Well, this is unusual. I thought the world's 'socks' only got "holes" in them at the South Pole ...
Arctic ozone loss at record level
by Richard Black, Environment correspondent, BBC News -- 2 October 2011
Ozone loss over the Arctic this year was so severe that for the first time it could be called an "ozone hole" like the Antarctic one, scientists report.
About 20km (13 miles) above the ground, 80% of the ozone was lost, they say.
The cause was an unusually long spell of cold weather at altitude. In cold conditions, the chlorine chemicals that destroy ozone are at their most active.
"Winter in the Arctic stratosphere is highly variable - some are warm, some are cold," said Michelle Santee from Nasa's Jet Propulsion Laboratory (JPL).
"But over the last few decades, the winters that are cold have been getting colder.
Who knew those Climate Change seasonal extremes, could happen at the Poles too. Crazy weather!
Those dang, Chlorinated fluorocarbons -- How long does it take to wash these destructive gases out of the sky, anyways? I thought we banned these CFC's already ...
A Significant Ozone Hole Is Reported Over the Arctic
by Felicity Barringer -- NYTimes -- October 3, 2011
Emissions of chlorinated fluorocarbons, or CFCs, once found in aerosol sprays, and other ozone-depleting substances like the soil fumigant methyl bromide produced the first ozone hole over the Antarctic, which was identified in 1985. Emissions of those compounds were banned under the Montreal Protocol, which has been signed by 191 countries.
Since 2000, concentrations in the atmosphere have been declining, but remain about 25 percent higher than when the ozone hole was identified, said Michelle L. Santee, a planetary scientist at NASA’s Jet Propulsion Laboratory and one of the paper’s authors.
“The root cause is the residual products from the CFCs that were released throughout the 20th century,” she said. “But they are very long-lived, and it will take a few decades for them to be cleansed from the atmosphere.”
A few decades more to cleanse the skies of CFC ... well that's good news. Good thing they were banned, eh?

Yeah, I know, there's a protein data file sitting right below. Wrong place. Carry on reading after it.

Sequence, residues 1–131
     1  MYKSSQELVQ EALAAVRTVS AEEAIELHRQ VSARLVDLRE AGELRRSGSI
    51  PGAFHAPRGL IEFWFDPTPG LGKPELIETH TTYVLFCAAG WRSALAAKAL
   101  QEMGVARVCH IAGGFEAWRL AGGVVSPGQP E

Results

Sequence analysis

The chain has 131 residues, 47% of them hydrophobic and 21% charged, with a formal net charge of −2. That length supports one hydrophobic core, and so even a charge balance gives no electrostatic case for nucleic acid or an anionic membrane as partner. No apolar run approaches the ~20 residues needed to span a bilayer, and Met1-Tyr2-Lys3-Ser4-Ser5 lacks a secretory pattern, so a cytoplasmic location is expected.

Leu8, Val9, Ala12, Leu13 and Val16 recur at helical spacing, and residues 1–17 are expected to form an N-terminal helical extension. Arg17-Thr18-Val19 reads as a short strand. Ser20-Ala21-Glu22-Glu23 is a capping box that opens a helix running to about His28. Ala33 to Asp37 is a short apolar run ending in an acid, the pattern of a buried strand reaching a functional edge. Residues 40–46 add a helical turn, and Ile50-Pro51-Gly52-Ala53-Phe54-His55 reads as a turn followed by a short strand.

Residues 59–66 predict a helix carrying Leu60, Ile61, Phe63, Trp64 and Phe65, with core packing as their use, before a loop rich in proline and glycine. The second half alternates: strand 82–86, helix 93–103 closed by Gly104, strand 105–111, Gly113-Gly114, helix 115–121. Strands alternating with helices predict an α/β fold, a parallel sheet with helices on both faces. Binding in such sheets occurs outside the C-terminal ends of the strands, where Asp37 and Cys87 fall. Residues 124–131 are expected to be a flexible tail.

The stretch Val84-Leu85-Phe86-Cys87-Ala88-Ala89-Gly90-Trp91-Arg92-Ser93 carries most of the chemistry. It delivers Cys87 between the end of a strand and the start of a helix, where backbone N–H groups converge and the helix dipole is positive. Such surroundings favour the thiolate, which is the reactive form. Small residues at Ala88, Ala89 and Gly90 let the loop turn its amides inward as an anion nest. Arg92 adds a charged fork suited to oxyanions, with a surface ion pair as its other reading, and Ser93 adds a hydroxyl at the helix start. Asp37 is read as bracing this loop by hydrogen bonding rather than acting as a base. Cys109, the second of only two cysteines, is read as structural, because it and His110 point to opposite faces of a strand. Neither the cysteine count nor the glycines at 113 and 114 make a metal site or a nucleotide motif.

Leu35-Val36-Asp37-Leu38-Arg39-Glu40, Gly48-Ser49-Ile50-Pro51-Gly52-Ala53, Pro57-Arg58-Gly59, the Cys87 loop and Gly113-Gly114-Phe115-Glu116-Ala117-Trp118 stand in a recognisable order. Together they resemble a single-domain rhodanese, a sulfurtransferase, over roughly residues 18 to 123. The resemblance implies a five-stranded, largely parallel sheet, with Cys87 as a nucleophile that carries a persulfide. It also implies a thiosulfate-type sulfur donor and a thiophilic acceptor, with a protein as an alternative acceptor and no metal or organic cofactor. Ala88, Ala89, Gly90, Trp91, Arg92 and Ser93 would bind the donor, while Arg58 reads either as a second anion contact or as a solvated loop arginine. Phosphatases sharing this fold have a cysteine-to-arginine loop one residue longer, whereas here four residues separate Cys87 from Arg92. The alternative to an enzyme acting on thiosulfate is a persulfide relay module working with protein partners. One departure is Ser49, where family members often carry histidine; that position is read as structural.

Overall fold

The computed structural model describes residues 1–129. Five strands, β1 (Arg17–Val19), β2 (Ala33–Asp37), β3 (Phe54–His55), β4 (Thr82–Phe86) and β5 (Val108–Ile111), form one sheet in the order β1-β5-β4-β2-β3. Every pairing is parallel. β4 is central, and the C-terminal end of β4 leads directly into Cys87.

But what about CO2 ... How long do they take, to get recycled out of the skies, back into the good Earth?
Climate Stabilization Targets
The National Academy of Sciences -- 2010
Emissions of carbon dioxide from the burning of fossil fuels have ushered in a new epoch where human activities will largely determine the evolution of Earth’s climate. Because carbon dioxide in the atmosphere is long lived, it can effectively lock the Earth and future generations into a range of impacts, some of which could become very severe. Therefore, emissions reductions choices made today matter in determining impacts experienced not just over the next few decades, but in the coming centuries and millennia. Policy choices can be informed by recent advances in climate science that quantify the relationships between increases in carbon dioxide and global warming, related climate changes, and resulting impacts, such as changes in streamflow, wildfires, crop productivity, extreme hot summers, and sea level rise.
Climate Change Due to Carbon Dioxide Will Persist Many Centuries
Carbon dioxide flows into and out of the ocean and biosphere in the natural breathing of the planet, but the uptake of added human emissions depends on the net change between flows, occurring over decades to millennia. This means that climate changes caused by carbon dioxide are expected to persist for many centuries even if emissions were to be halted at any point in time.
This report provides a scientific evaluation of the implications of various climate stabilization targets. The report concludes that certain levels of warming associated with carbon dioxide emissions could lock the Earth and many future generations of humans into very large impacts; similarly, some targets could avoid such changes. It makes clear the importance of 21st century choices regarding long-term climate stabilization.
The National Academies appointed the above committee of experts to address the specific task requested by the Energy Foundation and the U.S. Environmental Protection Agency. The members volunteered their time for this activity; their report is peer-reviewed and the final product signed off by both the committee members and the National Academies. This brief was prepared by the National Research Council based on the report.
Not so great. That CO2 already in the pipeline, will last for not decades more -- but for "centuries and millennia" more.
And the decisions we make about CO2 in the next few decades, will last the world a lifetime. Several generations of lifetimes, yet to be born.
So says the The National Academy of Sciences. But who need Science anyways? Crazy Scientists! ... What do they know anyways -- about Politics!